Approximately two weeks after Cornell announced its Interim Expressive Activity Policy, protestors participating in Thursday’s Coalition for Mutual Liberation divestment protest were referred to the Office of Student Conduct and Community Standards for disciplinary action.
As outlined in the new policy, the protestors failed to comply with the University’s “time, place and manner guidelines to ensure the ability of our faculty and students to teach and learn without disruption,” according to Vice President for University Relations Joel Malina.
The new policy requires registration for all “indoor demonstrations, tabling or other expressive activity” and for outdoor events for groups over 50. The policy also places limitations on amplified sound, a two-week time limit on posters, signs and light projections and restrictions on items that can be used and carried in protests or events.
The policy’s language centers on protecting public safety.
“Expressive activity may not compromise public safety, impede the free movement of people or vehicles, damage university property or interfere with regular university operations, as determined by the University,” the policy reads.
Some members of organizations, including Luke O’Brien ‘27, a member of the Coalition for Mutual Liberation, disagree with the policy’s restrictions on organizing, gathering and campaigning. CML frequently holds pro-Palestinian protests, including eight events within four days in November.
“[The policy] is an attempt to stifle the organizing happening on campus,” O’Brien told The Sun. “No amplified sound? Such a decree comes from such a place of privilege — that the hostility people supposedly feel is some yelling.”
Tensions regarding the policy particularly emerged throughout the University Assembly’s open meeting to hear questions, comments and concerns regarding the policy on Tuesday, Feb. 6.
At the meeting, Vice President and General Counsel Donica Varner said that the policy was created to facilitate a supportive and diverse educational environment.
“The policy was designed with an intentional educational focus to encourage individual responsibility within a diverse and pluralistic academic community,” Varner said.
Many community members raised concerns regarding the ambiguity of the line: “Cornellians engaging in expressive activity are expected to conduct themselves responsibly and in accordance with this policy.”
The speakers particularly questioned what it meant for Cornellians to be “expected” to comply with the policy.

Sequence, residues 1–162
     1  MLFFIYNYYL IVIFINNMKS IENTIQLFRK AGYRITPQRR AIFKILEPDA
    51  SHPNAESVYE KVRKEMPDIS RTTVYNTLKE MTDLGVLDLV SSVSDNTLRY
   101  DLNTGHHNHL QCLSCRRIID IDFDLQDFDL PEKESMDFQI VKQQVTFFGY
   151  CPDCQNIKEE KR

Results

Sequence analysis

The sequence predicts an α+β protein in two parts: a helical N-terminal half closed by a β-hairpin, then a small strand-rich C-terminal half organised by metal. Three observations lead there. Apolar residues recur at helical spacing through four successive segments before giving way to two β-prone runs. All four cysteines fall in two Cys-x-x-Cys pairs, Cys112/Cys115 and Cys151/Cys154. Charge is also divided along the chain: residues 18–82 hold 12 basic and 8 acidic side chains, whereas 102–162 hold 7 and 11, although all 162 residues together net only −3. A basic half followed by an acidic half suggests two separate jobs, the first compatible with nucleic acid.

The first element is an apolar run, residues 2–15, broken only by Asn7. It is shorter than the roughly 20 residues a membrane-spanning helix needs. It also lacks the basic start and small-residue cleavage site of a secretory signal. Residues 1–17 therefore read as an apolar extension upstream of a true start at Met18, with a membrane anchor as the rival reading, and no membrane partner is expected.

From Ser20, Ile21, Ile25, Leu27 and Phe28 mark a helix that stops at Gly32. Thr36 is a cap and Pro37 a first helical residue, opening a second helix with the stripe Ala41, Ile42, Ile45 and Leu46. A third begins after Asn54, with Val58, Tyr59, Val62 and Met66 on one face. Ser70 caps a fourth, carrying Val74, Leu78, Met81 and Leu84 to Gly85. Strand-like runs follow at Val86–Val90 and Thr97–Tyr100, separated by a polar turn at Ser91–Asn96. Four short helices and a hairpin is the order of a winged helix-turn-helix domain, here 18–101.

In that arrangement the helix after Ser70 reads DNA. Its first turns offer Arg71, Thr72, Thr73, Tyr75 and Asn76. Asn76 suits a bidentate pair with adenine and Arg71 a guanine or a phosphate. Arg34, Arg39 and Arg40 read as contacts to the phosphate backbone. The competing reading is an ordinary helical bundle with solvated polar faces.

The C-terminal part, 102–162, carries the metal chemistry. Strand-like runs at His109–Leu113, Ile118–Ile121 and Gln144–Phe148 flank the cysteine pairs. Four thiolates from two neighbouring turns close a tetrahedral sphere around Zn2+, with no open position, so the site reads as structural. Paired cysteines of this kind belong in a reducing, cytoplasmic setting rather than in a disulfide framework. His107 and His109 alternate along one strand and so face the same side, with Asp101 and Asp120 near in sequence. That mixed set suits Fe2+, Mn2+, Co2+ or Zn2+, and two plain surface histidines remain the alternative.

“I would like to see the ambiguities removed,” said Prof. Risa Lieberwitz, industrial and labor relations. “In particular, the ambiguities around the word ‘expectation.’ If the University wants to suggest that groups register any event, then they can suggest that and make clear explicitly in any policy that there is no requirement to register an event.”
Prof. Yuval Grossman, physics, agreed with Lieberwitz.
“Rather than say, ‘Hey, we’ll give you a guideline,’ I think it should [say] something very, very clear,” Grossman said.
Varner clarified that registration for outdoor gatherings is a strong request rather than an essential precondition.
“We’re asking for and have set an expectation but not a requirement that protest activity in certain outdoor locations involving 50 or more people be registered so that we can provide the appropriate support for those activities,” Varner said.
Upon further questioning about whether the policies were obligatory, Varner also confirmed the Interim Expressive Policy was considered under Section H: “Failure to Comply” in the Student Code of Conduct, meaning that students who fail to abide by these policies will face repercussions.
President Martha Pollack emphasized the policy is intended to promote rather than restrict free expression in a Thursday, Feb. 8 public statement.
“These measures aim to ensure all Cornellians can express and hear opposing viewpoints while being safeguarded against behavior that seeks to silence speech,” Pollack wrote.
However, some speakers asserted the policy stifles free expression.
“I grew up in a country both socialist and authoritarian, and I can smell authoritarianism,” said Prof. Saida Hodžić, anthropology and feminist, gender and sexuality studies. “And this smells like authoritarianism.”
Individuals who wish to give input regarding the new policies are encouraged by the University to contact the University Assembly as they finalize the policies in the upcoming weeks.
“I can’t foresee how [the policy] will impact things,” O’Brien said. “I’m sure the University will attempt to stifle action, but these universities did the same during Vietnam, and students remained steadfast through those repressive policies.”